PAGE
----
James Cadicamo had been arrested on a domestic violence charge before, accused of punching Amy and giving her a bloody nose in October 2003. He wasn't prosecuted. A temporary injunction from the 2006 incident was dismissed. His wife filed for divorce in August 2006, but changed her mind a month later. The couple have separate houses, and she is pregnant with their second child.
Trezevant said Alite provided the bulk of the money to start Club Mirage, where Cadicamo is general manager.
Fritz said the government was given thousands of Mirage records, none showing Alite ever being financially involved in the club. And yet, Alite is suing Cadicamo and others in civil court, saying he paid $500,000 to start the club and was paid "large monthly sums'' as its owner.
In an interview with the Times, a man who gave his name only as "Lenny" described himself as a manager at Mirage who has worked with Cadicamo for four years. He defended his co-worker, describing Cadicamo as a family man being falsely linked to illegal activities. Lenny declined to give his last name. In 2006, the Times quoted a Lenny Woods, then weekend manager at Mirage.
Prosecutors said Alite and Cadicamo used the club as a front for illegal activity. Alite transferred his interests in the business to Cadicamo's sister when he learned that the FBI was investigating him, then he fled the country, Trezevant said.
Cadicamo wired Alite money while he was on the run and visited him when he was jailed in Brazil, Trezevant said. Alite has since been extradited to the United States and is awaiting trial in Tampa.
Much of the action in the indictments took place in New York.
Gotti is charged with the murders of George Grosso on Dec. 20, 1988, in Queens; Louis DiBono, Oct. 4, 1990, in the parking garage of the former World Trade Center in Manhattan; and Bruce John Gotterup, Nov. 20, 1991, at the Boardwalk at the Rockaways in Queens.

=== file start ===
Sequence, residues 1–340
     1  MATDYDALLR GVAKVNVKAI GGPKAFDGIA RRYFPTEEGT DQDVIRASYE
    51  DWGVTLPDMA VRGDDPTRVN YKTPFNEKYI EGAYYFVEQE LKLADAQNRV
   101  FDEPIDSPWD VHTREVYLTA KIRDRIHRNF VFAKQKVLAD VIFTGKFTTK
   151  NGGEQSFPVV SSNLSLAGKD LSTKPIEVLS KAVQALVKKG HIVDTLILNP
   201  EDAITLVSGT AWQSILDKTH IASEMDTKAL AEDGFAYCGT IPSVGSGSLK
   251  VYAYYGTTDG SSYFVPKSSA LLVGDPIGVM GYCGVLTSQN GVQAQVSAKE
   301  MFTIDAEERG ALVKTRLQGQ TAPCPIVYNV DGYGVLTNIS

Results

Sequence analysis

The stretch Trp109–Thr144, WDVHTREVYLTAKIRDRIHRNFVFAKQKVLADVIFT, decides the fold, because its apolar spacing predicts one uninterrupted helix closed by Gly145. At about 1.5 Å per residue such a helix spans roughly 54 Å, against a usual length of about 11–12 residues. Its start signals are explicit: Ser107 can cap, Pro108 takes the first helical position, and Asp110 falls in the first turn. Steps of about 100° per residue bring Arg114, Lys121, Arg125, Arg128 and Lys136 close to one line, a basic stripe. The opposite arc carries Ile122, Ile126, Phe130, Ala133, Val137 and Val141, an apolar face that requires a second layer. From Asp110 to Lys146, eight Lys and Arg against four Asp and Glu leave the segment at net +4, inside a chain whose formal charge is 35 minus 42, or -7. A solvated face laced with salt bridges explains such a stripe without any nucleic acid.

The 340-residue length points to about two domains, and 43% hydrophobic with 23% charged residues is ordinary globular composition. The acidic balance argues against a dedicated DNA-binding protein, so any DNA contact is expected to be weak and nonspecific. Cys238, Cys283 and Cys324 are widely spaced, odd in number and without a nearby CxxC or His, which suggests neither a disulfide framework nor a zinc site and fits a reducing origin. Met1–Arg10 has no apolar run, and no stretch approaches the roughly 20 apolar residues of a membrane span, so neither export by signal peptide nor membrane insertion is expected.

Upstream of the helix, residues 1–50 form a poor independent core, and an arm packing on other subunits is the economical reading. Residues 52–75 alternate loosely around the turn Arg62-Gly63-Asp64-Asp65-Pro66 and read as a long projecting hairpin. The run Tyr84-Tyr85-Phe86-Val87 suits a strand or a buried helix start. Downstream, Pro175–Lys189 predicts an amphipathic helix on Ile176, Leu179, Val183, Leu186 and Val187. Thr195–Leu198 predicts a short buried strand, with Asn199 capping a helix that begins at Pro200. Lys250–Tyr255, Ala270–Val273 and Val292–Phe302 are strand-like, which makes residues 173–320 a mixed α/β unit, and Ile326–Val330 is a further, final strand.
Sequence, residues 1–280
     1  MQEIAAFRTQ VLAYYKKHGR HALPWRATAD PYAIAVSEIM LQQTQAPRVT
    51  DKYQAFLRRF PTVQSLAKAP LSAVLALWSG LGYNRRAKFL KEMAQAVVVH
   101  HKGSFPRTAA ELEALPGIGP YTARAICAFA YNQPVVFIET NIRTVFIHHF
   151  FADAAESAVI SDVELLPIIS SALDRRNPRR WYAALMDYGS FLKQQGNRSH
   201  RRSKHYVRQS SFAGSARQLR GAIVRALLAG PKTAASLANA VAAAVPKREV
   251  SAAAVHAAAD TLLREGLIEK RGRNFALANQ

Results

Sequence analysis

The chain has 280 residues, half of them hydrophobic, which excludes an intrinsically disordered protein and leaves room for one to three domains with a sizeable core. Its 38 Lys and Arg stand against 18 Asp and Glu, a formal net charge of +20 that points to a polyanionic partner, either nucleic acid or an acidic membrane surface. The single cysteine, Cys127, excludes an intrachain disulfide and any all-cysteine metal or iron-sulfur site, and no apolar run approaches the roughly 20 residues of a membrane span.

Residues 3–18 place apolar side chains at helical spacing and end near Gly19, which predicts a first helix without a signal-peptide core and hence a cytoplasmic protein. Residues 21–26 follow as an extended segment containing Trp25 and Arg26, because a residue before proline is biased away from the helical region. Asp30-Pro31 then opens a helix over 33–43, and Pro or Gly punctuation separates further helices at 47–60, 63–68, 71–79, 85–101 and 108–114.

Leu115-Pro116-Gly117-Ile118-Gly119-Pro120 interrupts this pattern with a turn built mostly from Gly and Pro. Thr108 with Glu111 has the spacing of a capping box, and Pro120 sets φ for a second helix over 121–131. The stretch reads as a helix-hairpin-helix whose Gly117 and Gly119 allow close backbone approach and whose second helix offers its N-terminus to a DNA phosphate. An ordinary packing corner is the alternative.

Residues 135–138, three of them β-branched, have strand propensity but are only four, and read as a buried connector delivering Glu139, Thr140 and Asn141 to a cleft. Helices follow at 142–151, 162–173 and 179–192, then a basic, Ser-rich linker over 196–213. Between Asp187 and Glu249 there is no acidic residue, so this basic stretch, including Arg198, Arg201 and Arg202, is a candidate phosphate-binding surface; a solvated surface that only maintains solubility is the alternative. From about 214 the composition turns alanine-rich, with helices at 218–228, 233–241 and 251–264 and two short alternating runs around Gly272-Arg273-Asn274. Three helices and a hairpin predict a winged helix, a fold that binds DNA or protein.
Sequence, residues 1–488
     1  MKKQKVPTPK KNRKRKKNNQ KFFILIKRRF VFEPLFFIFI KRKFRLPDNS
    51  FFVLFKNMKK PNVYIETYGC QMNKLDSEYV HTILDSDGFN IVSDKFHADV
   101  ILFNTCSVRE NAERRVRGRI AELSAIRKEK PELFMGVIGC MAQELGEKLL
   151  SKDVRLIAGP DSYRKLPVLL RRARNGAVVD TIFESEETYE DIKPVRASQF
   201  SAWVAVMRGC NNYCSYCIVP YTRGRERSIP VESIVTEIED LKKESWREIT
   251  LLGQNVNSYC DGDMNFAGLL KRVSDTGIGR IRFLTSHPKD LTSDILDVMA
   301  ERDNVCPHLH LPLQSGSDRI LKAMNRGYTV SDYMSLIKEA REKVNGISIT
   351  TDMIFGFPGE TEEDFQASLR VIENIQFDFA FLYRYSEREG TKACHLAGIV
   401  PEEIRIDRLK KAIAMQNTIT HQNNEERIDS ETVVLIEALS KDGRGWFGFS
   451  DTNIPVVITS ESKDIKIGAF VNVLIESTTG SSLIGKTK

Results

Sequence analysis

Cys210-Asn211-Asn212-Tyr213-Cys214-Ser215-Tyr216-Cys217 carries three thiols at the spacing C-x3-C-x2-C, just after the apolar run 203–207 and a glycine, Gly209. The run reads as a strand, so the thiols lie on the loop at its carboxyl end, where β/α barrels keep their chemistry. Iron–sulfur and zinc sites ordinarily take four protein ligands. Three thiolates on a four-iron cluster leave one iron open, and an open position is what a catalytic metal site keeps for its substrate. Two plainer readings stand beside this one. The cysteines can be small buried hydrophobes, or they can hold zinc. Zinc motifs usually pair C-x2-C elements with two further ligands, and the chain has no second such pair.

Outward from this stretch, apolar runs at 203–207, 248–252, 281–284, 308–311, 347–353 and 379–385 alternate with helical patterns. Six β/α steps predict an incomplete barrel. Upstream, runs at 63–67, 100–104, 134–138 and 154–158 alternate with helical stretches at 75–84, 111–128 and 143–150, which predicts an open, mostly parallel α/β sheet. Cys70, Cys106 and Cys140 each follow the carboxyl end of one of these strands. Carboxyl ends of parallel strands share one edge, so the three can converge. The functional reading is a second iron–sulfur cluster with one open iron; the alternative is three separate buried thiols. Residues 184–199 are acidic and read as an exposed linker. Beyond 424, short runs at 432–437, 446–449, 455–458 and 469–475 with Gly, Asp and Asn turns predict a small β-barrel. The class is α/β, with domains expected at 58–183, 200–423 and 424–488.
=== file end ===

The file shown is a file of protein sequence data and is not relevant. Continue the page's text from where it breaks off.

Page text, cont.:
Two of the others indicted in the case, John Burke, 47, and Guy Peden, 47, are also charged with participating in Gotterup's murder. Burke and David D'Arpino, 33, face murder charges in the death of John Gerbert on July 12, 1996, in the Woodhaven area of Queens.
Michael D. Finnerty, 43, of New York, is charged with racketeering conspiracy.
Prosecutors said that during the Trucchio trial, Cadicamo grew angry because Malone pleaded guilty to conspiracy charges and became a government witness. Trezevant said Cadicamo sent someone to the federal courthouse on orders to beat Malone, but the man fell asleep. Cadicamo tried again in New York to have Malone beaten or murdered but was again unsuccessful, Trezevant said.
Fritz dismissed any implications that Cadicamo tried to have Malone killed, calling them "naked allegations." He chalked up the government's prosecution to racial profiling.
"Just because his name ends in a vowel, he was raised in Queens and grew up a Catholic, they're going after him," Fritz said.
Times researcher John Martin and staff writers Rebecca Catalanello, Thomas Kaplan and Colleen Jenkins contributed to this report. Kevin Graham can be reached at firstname.lastname@example.org or (813) 226-3433.